April 15, 2010 | by Chris Johnson
National news in brief

Craig Lowe, who’s gay, appeared to narrowly beat his opponent Tuesday to become the next mayor of Gainesville, Fla. (Photo courtesy of Craig Lowe for Mayor)

Gay man leads in close vote for Gainesville mayor

GAINESVILLE, Fla. — The city of Gainesville, Fla., on Tuesday appeared to elect an openly gay man as mayor by 35 votes.

Craig Lowe, a 52-year-old gay city commissioner, beat out Don Marsh, a window-cleaning business owner, in an apparent victory in the city’s mayoral runoff election.

County law in the area requires a recount in cases where victories are achieved by a margin of less than 0.5 percent. If Lowe survives this recount, he’ll become the first openly gay mayor in northern Florida, and one of fewer than 30 openly LGBT mayors serving in the United States, according to the Gay & Lesbian Victory Fund.

In a statement provided by Equality Florida, Lowe gave particular thanks to the organization’s political action committee for its assistance in his election.

“I would like to thank Equality Florida Action PAC for their tremendous help in my race,” Lowe said. ”Not only did they endorse my candidacy early on, they also served as a watchdog against the lies about my campaign and put people on the ground to help get our message out to voters.”

According to Equality Florida, Lowe endured “homophobic rhetoric and smear tactics” in the weeks before his win. A local church displayed a “No Homo Mayor” billboard on their front lawn.

In addition to the state LGBT organization, Lowe received endorsements from the Victory Fund as well as other local organizations such as the Gainesville Professional Firefighters’ Association, the African American Coalition for Political Action and the Alligator Newspaper.

Senate passes resolution against anti-gay Uganda bill

WASHINGTON — The U.S. Senate on Tuesday approved by unanimous consent a resolution condemning a harshly anti-gay bill pending in the Ugandan parliament.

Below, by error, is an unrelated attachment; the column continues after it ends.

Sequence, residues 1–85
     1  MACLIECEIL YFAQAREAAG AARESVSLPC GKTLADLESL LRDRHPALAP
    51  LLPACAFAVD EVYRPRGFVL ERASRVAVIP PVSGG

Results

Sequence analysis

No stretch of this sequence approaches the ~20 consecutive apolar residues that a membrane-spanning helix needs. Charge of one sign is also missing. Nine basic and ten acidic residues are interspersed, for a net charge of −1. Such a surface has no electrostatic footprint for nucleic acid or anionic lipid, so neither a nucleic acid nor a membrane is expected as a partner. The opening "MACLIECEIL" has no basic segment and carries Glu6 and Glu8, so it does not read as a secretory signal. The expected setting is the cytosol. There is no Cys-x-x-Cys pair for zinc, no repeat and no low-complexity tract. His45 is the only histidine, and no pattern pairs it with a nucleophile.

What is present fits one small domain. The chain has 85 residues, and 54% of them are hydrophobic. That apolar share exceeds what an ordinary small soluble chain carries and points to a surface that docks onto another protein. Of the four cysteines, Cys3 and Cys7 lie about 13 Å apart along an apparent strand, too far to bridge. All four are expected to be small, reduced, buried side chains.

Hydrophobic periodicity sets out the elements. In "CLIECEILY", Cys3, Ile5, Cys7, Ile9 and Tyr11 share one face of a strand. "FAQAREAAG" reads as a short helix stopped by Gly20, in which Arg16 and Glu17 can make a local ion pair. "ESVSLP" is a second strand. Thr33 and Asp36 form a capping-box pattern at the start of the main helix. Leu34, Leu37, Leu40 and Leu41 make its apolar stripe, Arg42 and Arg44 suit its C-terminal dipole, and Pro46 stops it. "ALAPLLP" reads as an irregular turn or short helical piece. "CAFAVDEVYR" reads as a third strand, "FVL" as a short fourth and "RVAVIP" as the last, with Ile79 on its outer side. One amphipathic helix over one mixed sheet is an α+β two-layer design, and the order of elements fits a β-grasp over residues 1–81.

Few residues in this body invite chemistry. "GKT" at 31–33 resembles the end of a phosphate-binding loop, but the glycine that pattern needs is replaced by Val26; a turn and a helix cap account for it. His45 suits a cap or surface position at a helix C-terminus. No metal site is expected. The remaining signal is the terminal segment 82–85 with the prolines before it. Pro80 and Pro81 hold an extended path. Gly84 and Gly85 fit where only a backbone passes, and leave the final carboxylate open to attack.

Sen. Russ Feingold (D-Wis.), chair of the Senate Foreign Relations subcommittee on African affairs, introduced the resolution in February. Sens. Tom Coburn (R-Okla.), Ben Cardin (D-Md.) and Susan Collins (R-Maine) were original co-sponsors.

Homosexual acts are already illegal in Uganda, but the African nation’s pending legislation would, among other things, institute the death penalty in some cases for LGBT people and require citizens to report LGBT people to the police.

In a statement, Feingold praised “so many political, religious and civic leaders in Uganda and around the world” for speaking out against the Uganda bill.

“Sadly, this legislation is just one example of actions taken around the world to restrict the rights of people just because of their gender or sexual orientation,” he said. “We need to speak out consistently against all such discrimination. The Senate’s passage of this resolution begins to move us in that direction, and I will continue working with my colleagues and the administration to continue to address this issue.”

In addition to condemning the Uganda bill, the Senate resolution calls for repeal of the criminalization of homosexuality in other countries and urges the State Department to closely monitor human rights abuses against LGBT people abroad.

In the House, another resolution condemning the Uganda legislation, introduced by Rep. Howard Berman (D-Calif.), is pending before the House Foreign Affairs Committee. The resolution has 58 co-sponsors.

HRC says Vatican official ‘diverting attention’ on abuses

WASHINGTON — The Human Rights Campaign this week accused a Vatican official of “diverting attention away from decades of Vatican cover-ups of pedophile behavior” when he blamed gays for the abuses.

Cardinal Tarcisio Bertone, the pope’s top aide, outraged gay advocacy groups, politicians and others with his remarks Monday in Chile.

“Many psychologists and psychiatrists have demonstrated that there is no relation between celibacy and pedophilia,” said the Italian cardinal, according to the Associated Press. “But many others have demonstrated, I have been told recently, that there is a relation between homosexuality and pedophilia. That is true. That is the problem.”

Harry Knox, an HRC director of religion issues, responded to Bertone on Wednesday.